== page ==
An Abject Reptile

A friend loaned this book to me. The title Timothy; or, Notes of an Abject Reptile got my attention so I started reading it right away. Only 180 pages, it was a quick read. Author Verlyn Klinkenborg used notes from Gilbert White in the 18th century. White constantly observed nature and recorded details in notebooks. He searched for keys to behavior and connections to the spiritual world of his profession as a pastor. The term physico-theology was used to describe him. Gilbert White’s notes described the people, their lives, nature, and their connections in the small town of Selborne England.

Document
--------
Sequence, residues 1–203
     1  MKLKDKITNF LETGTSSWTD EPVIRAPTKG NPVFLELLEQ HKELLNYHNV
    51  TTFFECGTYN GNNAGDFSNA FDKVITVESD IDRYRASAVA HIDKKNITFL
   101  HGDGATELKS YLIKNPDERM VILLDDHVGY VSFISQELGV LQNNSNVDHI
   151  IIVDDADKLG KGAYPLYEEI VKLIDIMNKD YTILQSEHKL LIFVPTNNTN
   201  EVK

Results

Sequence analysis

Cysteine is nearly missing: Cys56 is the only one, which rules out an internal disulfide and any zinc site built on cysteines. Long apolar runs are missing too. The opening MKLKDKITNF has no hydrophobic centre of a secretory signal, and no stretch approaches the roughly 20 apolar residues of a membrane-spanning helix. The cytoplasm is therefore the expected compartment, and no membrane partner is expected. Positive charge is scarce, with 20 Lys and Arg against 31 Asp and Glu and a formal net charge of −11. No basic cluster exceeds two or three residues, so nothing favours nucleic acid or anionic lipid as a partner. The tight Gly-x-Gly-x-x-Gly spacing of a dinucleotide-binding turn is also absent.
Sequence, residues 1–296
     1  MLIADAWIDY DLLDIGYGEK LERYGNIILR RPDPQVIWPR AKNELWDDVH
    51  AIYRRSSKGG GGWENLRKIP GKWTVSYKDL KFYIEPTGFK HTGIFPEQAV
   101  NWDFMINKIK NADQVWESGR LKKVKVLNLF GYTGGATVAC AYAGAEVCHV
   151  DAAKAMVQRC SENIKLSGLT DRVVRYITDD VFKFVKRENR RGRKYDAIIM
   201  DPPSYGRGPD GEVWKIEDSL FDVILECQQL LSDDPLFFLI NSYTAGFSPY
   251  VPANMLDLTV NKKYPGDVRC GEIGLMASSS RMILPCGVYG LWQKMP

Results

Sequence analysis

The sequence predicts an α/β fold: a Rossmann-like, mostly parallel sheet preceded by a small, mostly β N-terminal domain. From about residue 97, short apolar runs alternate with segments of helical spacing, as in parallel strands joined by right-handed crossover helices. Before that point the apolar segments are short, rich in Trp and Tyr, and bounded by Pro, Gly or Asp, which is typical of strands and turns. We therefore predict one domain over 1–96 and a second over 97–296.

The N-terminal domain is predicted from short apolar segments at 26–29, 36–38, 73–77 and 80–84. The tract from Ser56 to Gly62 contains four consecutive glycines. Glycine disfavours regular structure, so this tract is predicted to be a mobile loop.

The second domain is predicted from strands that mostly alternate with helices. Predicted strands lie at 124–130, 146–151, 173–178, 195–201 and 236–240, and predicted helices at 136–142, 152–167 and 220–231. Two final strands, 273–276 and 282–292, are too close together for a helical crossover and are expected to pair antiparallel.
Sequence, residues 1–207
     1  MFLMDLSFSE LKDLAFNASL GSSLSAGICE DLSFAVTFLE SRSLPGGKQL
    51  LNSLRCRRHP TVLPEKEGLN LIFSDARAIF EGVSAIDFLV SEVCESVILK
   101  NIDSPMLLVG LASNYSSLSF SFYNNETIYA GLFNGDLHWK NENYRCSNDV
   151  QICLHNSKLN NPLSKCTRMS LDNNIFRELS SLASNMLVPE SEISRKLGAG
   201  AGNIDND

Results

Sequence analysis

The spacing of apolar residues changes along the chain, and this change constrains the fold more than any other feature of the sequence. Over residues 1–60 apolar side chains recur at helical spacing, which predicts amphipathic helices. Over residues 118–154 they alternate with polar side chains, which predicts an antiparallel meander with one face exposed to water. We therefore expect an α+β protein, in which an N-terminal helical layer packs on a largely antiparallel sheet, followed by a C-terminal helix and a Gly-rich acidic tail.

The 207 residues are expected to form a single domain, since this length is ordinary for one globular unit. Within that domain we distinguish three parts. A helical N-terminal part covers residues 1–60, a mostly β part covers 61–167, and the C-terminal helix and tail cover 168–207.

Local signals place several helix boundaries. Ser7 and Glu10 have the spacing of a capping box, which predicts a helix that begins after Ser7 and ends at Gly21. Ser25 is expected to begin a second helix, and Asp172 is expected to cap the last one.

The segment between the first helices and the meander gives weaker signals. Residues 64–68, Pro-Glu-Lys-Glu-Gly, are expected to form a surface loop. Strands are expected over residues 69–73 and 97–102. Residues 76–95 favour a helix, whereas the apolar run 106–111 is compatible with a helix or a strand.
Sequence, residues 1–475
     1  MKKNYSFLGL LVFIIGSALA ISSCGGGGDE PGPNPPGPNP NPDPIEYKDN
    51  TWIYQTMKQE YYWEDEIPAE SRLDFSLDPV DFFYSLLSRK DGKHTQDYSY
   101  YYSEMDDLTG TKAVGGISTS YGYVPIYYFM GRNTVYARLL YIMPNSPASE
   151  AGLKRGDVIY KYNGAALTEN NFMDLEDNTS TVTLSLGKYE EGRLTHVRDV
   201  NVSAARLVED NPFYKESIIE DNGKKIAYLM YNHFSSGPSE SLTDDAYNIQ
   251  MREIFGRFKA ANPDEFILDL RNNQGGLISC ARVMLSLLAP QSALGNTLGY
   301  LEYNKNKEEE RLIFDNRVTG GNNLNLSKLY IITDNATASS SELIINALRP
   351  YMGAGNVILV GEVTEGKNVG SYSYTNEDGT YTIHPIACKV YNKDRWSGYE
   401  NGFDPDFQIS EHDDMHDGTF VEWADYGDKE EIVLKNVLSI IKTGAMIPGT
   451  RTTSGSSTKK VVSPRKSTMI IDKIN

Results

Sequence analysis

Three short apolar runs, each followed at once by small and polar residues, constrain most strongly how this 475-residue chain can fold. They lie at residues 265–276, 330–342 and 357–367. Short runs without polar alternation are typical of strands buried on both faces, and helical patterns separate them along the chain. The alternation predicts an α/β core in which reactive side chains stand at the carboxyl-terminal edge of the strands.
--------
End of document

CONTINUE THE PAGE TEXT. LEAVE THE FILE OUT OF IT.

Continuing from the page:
Timothy was a tortoise owned by White. He lived in the garden for a long time. Originally from the middle east, Timothy was not accustomed to the climate of England. But, Timothy was an astute observer of White and the other humans. Verlyn Klinenborg wrote this book from the viewpoint of Timothy using White’s notes about the town and its citizens.

I found it perceptive and captivating. If you are an observer of the natural world, I think you would enjoy this book.